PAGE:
Cameramen and women discuss the craft and art of cinematography and of the "DP" (the director of photography), illustrating their points with clips from 100 films, from Birth of a Nation to... See full summary »
Documentary that chronicles how Francis Ford Coppola's Apocalypse Now (1979) was plagued by extraordinary script, shooting, budget, and casting problems--nearly destroying the life and career of the celebrated director.
Investigates the history, process and workflow of both digital and photochemical film creation. It shows what artists and filmmakers have been able to accomplish with both film and digital and how their needs and innovations have helped push filmmaking in new directions. Interviews with directors, cinematographers, colorists, scientists, engineers and artists reveal their experiences and feelings about working with film and digital. Where we are now, how we got here and what the future may bring. Written by
Identifies District 9 as being shot on the Sony F23. It was actually shot on Red One cameras. See more »
Since the late 1880s, visual artists and storytellers have used moving images to create amazing works. Movies have inspired us, thrilled us, and captured our imaginations. Film has helped us share our experiences and dreams. Photochemical film has been the exclusive format used to capture, project, and store moving images for over 100 years. It is only recently that new technology has emerged that is challenging film's place as the gold standard for quality and workflow. Digital ...
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standing at the crossroads of cinematography: the digital v celluloid debate
Seen in the comfort of a small "traditional" cinema during Brighton (UK) Film Festival, glad I had searched to find a screening so as to see this as it should be seen. There were perhaps ?<50 others in the audience dotted around. Surprisingly, before the film was a Short about that particular cinema's Projectionist, how he started as a young man and how his job is changing since the good old days of film - a lonely and solitary process that was labour intensive - and now his expertise is becoming obsolete because of the increasing switch to digital where it's more about pressing a button. Apropos and rather poignant. Cue curtains; Company Films' Production of Side by Side with Keanu Reeves' opening narration in his clear, measured and reassuringly authoritative voice.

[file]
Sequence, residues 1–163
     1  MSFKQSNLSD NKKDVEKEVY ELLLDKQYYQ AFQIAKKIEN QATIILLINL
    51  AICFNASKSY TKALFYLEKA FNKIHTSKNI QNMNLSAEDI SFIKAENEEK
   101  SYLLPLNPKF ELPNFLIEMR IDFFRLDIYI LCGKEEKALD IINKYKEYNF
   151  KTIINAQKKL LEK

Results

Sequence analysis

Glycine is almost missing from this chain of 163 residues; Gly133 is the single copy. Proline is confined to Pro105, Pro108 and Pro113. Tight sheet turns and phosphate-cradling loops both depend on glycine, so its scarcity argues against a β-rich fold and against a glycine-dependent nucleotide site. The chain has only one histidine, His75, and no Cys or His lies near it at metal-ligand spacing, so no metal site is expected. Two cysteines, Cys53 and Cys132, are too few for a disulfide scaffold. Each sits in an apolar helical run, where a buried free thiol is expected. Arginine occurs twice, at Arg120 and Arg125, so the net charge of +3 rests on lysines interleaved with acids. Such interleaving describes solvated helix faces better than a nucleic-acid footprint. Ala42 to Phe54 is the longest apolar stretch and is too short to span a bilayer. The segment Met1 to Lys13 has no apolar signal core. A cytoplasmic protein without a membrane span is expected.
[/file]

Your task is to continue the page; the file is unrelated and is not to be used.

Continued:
The film is a balanced documentary, incredibly well laid out, highlighting the informative in-business discussion surrounding the merits, disadvantages and progress in the increasing trend of migration from celluloid to digital film-making. At first dialogue is straight up "film or digital?" but as the process opens up and more is investigated following a pleasing linear train of thought, the Directors and other Film-Makers discuss the finer points of the debate ie the quality of the different media, how the variety of cameras have changed, how the industry has led development of new technologies (SONY in the vanguard), the effects of the change on actors' experience (with some amusing anecdotes), timing, budget, film colouration, editing and SFX/VFX. At every stage examples of the various films are shown with subtitle labels; whether a film was shot with a specific camera, on digital or film, what mm film etc, and with each interviewee his or her notable achievements are provided often with behind the scenes footage as they reminisce.
Christopher Kenneally's Direction is flawless, artistic and tight and his writing is succinct, understandable and unbiased. It isn't too technical for novices, but wasn't so basic as to feel dumbed down (the simplicity of the 'how a camera works' visual aid graphics were very brief and explanations of abbreviations were only explained once) and you got to see various methods and techniques of film-making - a real behind the scenes. Reeves asks leading questions of the film-makers that he interviews, he sits by the lens discretely often off camera, but prompts them and occasionally responds making it quite informal, watchable and even laugh out loud funny in places. It's certainly not a dry production and I noted that a lot of those interviewed were people that Reeves had worked with in the past, and a number of his own films ie Matrix and 47 Ronin (can't wait!) were used as examples.
Really absorbing, the 90 mins went quickly, and I came away animated and challenged mentally to think about it, with a greater understanding of what goes into making a film. I can't say I had appreciated various subtle differences that were being described, or understood the significance of some Academy awards as a result of new methods of film-making, had just taken films at face value so will look now with new eyes! On balance I saw that most were nostalgic about celluloid film, and don't want to abandon it completely, and worry about the artistry being lost but many see the inevitable progress with technology and the benefits, ease, cheapness and potential for development ie CGI, 3D and greater movement and intimacy for cameras in digital. Mention was made that with digital filming accessibility of the Industry has opened up as anyone can purchase a digital camera and a laptop and make a film now!
Brilliant, historically important film. I hope it gets the recognition it deserves as a snapshot at a crossroads in an industry that is 120 years old. On a light, flippant note, the breakthrough star of the film is the continuity "errors" of Keanu's hair and beard, much giggled about in Press interviews! ;-)
5 of 7 people found this review helpful.
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